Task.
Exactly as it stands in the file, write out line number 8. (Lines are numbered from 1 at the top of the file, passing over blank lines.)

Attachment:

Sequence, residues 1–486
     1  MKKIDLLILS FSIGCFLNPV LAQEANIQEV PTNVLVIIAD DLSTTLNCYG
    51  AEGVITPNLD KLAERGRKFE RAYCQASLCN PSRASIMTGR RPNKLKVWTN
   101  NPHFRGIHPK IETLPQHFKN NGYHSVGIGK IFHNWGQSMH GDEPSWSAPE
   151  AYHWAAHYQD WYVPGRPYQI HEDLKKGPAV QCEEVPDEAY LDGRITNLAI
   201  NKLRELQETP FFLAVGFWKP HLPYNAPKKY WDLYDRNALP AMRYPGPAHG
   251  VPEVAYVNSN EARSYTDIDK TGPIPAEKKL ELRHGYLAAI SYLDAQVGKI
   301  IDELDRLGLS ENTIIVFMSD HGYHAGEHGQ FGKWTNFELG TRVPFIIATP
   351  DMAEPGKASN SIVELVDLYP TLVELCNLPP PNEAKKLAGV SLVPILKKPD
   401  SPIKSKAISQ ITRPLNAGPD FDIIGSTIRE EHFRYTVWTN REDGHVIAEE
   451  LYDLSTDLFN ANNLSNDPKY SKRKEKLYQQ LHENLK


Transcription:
   301  IDELDRLGLS ENTIIVFMSD HGYHAGEHGQ FGKWTNFELG TRVPFIIATP